What is composting? Is it truly beneficial for the environment? How do I do it? Compost is organic material that can be added to soil to help plants grow. It enriches soil, helping retain moisture and suppress plant diseases and pests. Compost also reduces the need for chemical fertilizers, and it encourages the production of beneficial bacteria and fungi that break down organic matter to create humus, a rich nutrient-filled material.
Compost is organic material that can be added to soil to help plants grow. It enriches soil, helping retain moisture and suppress plant diseases and pests. Compost also reduces the need for chemical fertilizers, and it encourages the production of beneficial bacteria and fungi that break down organic matter to create humus, a rich nutrient-filled material.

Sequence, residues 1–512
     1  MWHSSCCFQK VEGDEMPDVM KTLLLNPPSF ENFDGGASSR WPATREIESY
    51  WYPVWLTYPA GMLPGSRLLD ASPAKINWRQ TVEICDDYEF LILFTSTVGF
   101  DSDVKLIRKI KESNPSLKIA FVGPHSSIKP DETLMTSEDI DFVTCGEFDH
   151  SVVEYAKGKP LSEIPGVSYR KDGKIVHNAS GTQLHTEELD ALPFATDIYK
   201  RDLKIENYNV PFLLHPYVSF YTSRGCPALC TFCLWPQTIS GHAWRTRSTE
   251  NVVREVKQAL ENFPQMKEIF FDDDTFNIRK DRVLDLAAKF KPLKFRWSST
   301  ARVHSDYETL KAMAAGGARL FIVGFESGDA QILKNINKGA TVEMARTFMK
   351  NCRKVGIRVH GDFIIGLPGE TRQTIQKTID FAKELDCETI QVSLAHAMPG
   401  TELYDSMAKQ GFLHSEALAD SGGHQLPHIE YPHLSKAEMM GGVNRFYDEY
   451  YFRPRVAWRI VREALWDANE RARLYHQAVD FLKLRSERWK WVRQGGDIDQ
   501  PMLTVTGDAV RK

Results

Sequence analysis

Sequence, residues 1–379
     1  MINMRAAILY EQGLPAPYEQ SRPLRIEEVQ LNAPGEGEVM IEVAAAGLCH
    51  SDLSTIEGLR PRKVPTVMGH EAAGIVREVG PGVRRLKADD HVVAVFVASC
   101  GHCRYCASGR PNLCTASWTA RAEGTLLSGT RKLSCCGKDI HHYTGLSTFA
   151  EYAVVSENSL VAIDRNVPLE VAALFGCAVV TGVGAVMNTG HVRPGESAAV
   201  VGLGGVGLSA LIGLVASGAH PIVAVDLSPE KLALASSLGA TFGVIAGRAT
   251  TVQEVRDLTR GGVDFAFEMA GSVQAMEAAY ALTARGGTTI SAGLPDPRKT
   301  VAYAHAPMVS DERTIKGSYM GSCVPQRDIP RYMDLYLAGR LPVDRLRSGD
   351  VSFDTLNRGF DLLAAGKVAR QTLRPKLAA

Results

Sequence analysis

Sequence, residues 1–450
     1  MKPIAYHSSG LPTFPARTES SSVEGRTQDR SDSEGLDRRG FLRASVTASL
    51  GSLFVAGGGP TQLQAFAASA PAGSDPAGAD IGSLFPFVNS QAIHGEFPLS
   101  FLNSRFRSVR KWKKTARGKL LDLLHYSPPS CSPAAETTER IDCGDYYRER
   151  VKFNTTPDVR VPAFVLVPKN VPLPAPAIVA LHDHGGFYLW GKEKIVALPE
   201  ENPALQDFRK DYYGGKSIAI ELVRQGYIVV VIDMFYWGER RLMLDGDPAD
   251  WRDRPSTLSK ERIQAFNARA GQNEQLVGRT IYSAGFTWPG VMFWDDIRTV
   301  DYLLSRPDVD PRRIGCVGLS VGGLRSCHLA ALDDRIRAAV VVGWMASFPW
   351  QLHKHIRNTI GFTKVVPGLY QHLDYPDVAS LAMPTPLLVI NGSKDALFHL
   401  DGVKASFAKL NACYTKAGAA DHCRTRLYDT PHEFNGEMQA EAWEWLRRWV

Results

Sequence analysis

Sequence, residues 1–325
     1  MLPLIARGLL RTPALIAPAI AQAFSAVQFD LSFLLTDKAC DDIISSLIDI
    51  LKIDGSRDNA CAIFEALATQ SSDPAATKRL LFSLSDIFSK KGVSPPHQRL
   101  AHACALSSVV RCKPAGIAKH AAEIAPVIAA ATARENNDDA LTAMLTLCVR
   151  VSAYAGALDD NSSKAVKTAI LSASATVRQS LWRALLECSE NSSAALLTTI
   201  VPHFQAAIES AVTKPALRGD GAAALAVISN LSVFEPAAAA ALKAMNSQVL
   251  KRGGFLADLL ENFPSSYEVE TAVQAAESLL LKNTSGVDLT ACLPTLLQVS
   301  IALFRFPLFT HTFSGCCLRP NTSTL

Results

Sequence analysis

All composting requires three basic ingredients:
· Browns - This includes materials such as dead leaves, branches, and twigs.
· Greens - This includes materials such as grass clippings, vegetable waste, fruit scraps, and coffee grounds.
· Water - Having the right amount of water, greens, and browns is important for compost development.
Your compost pile should have an equal amount of browns to greens. You should also alternate layers of organic materials of different-sized particles. The brown materials provide carbon for your compost, the green materials provide nitrogen, and the water provides moisture to help break down the organic matter.
Select a dry, shady spot near a water source for your compost pile or bin.
Add brown and green materials as they are collected, making sure larger pieces are chopped or shredded. Moisten dry materials as they are added. Once your compost pile is established, mix grass clippings and green waste into the pile and bury fruit and vegetable waste under 10 inches of compost material.
Learn more about composting and other money saving, green living tips in our free eBook “Live Green & Save Money".